1. You again, “Galt”? I don’t place it on the Right! Political convention does. Do you know the expression “The pot calling the kettle black”? It’s you who should learn to read. You always miss the point.

  2. Why not cease using the now debased political terms ‘right’, ‘left’, ‘socal’, … and try the more descriptive terms like autocratic coercive thru multilateral democratic as on the spectrum of types of governance?
    Where on the spectrum would stand or slouch Washington, Jefferson, Lincoln, FDR, Truman, JFK, Reagan, Trump, Bismarck, Mussolini, Hitler … on the issues they faced?
    What’s to be learned for what useful principles?

  3. This was an interesting read. Although I share your general sentiments about TV news, my hypothesis would be that TV and print media simply followed the colors that the respective parties developed a preference for using in their advertising logos, fonts and so on. The convention of red for Republican and blue for Democrat has stuck and I don’t think really confuses anyone, given that Marxism, socialism, and other “Red” political forces aren’t anywhere near as powerful or relevant as they were as during say, the twenties through the 70s. They come up as a topic in everyday news rarely or never.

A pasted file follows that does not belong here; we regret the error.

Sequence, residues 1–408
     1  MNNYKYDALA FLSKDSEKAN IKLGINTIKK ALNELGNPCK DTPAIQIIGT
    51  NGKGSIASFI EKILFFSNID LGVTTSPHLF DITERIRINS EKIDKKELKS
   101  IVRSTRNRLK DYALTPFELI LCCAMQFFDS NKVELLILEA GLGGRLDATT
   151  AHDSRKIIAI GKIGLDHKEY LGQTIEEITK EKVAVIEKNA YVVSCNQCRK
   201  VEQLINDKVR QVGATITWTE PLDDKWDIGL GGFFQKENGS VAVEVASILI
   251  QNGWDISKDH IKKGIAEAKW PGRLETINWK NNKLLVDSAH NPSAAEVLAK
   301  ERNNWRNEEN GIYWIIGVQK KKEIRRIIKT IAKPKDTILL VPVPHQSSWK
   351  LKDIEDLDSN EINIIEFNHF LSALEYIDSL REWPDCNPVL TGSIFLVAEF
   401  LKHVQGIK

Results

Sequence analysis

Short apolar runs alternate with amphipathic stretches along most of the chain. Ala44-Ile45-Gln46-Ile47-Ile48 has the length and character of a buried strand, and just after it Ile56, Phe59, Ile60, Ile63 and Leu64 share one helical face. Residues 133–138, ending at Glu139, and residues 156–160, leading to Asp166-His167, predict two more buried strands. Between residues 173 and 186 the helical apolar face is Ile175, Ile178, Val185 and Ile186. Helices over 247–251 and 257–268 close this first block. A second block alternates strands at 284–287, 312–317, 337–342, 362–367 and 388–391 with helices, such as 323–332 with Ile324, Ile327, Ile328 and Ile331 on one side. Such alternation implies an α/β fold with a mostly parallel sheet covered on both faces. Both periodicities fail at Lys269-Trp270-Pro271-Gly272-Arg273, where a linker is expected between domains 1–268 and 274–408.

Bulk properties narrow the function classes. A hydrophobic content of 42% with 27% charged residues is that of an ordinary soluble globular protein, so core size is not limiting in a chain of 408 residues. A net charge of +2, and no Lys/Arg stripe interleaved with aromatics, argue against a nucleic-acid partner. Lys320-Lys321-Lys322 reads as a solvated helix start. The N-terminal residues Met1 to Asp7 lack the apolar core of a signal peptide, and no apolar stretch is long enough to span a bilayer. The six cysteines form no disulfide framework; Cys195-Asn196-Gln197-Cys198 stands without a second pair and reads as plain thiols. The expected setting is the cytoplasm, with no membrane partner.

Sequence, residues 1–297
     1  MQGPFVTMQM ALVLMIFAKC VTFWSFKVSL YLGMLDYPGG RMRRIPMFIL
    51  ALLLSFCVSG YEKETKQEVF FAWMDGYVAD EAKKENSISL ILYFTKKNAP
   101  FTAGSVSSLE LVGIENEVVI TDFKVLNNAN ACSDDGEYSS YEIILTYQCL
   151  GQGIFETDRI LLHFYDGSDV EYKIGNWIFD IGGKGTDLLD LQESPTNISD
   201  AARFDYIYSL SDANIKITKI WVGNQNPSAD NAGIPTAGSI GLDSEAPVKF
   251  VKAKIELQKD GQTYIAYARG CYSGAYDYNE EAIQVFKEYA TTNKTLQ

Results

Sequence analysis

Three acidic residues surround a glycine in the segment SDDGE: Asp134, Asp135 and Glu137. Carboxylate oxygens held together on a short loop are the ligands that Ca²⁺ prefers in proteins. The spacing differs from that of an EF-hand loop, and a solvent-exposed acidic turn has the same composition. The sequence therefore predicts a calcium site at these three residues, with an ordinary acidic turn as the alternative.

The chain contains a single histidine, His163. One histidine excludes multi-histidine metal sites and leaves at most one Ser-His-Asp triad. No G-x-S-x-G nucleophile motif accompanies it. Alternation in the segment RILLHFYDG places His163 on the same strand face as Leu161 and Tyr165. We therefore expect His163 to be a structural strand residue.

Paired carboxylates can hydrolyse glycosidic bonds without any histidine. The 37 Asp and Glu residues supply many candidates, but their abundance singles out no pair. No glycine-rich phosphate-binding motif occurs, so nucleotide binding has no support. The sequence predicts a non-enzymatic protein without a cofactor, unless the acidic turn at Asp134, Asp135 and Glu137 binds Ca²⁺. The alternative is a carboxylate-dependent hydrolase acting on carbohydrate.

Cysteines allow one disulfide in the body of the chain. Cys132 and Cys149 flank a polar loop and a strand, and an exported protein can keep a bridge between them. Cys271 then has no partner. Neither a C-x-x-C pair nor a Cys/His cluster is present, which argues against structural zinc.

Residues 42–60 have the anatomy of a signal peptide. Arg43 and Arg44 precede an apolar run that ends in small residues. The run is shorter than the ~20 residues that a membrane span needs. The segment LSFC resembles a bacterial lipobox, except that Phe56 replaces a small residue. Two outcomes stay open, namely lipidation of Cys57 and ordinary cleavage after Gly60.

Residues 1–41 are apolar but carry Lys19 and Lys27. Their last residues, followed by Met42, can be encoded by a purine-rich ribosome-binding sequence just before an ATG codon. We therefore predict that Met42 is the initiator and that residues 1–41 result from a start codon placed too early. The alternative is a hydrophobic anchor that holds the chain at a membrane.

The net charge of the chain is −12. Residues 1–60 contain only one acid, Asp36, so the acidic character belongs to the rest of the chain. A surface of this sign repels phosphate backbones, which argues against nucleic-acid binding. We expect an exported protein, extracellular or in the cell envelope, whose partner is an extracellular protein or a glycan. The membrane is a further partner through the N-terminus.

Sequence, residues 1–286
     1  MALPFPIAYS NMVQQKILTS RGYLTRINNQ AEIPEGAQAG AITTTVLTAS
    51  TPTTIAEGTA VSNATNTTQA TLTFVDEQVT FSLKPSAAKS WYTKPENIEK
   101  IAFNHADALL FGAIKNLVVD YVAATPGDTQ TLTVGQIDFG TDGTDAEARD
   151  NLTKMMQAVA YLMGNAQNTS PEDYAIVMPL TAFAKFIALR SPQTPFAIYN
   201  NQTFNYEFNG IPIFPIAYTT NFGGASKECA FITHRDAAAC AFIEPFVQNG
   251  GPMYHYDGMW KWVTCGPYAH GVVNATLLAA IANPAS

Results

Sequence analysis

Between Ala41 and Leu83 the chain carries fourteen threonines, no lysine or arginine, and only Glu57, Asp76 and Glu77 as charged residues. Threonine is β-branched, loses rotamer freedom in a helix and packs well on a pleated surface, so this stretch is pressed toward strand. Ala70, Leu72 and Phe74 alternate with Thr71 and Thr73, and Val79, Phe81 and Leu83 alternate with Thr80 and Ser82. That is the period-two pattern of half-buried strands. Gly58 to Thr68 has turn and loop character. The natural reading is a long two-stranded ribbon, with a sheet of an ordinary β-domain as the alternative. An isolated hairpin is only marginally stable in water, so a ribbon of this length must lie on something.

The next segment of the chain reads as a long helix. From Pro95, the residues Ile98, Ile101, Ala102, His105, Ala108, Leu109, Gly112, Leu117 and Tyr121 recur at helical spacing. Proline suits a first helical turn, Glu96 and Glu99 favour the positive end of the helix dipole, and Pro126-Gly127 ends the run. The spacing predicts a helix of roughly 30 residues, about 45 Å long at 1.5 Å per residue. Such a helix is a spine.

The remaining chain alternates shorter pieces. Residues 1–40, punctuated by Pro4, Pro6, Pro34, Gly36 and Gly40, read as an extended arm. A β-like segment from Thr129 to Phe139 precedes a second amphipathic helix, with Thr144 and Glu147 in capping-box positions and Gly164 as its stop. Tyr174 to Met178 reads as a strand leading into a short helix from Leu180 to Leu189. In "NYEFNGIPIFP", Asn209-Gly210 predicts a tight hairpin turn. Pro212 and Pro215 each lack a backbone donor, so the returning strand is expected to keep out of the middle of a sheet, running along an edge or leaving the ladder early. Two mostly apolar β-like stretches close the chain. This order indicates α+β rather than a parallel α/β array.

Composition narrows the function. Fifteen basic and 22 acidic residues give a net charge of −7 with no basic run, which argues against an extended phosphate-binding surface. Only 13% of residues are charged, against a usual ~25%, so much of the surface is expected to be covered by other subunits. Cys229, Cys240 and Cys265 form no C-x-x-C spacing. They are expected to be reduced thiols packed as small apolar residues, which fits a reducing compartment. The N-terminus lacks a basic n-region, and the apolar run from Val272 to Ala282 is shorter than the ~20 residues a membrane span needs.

Just as a bit of exercise, I looked up the Google tool that lets you track word usage in published texts over time. According to that the use of the terms “red state” and blue state” took off around the year 2000.

      1. I did a bit of further digging into your question and searched Youtube for “election night [year]”. I was kinda surprised to turn up several uploads of complete election night broadcasts, going as far back as 1960. The wonders of the internet.

        Looking through those it seems ABC started the trend of giving the color blue to the Democratic Party in their 1976 coverage (looks like the first year they used maps). CBS ditched red for the Democrats starting in 1984, CNN in 1992, and NBC in 1996. There wasn’t anything available for Fox News (launched 1996).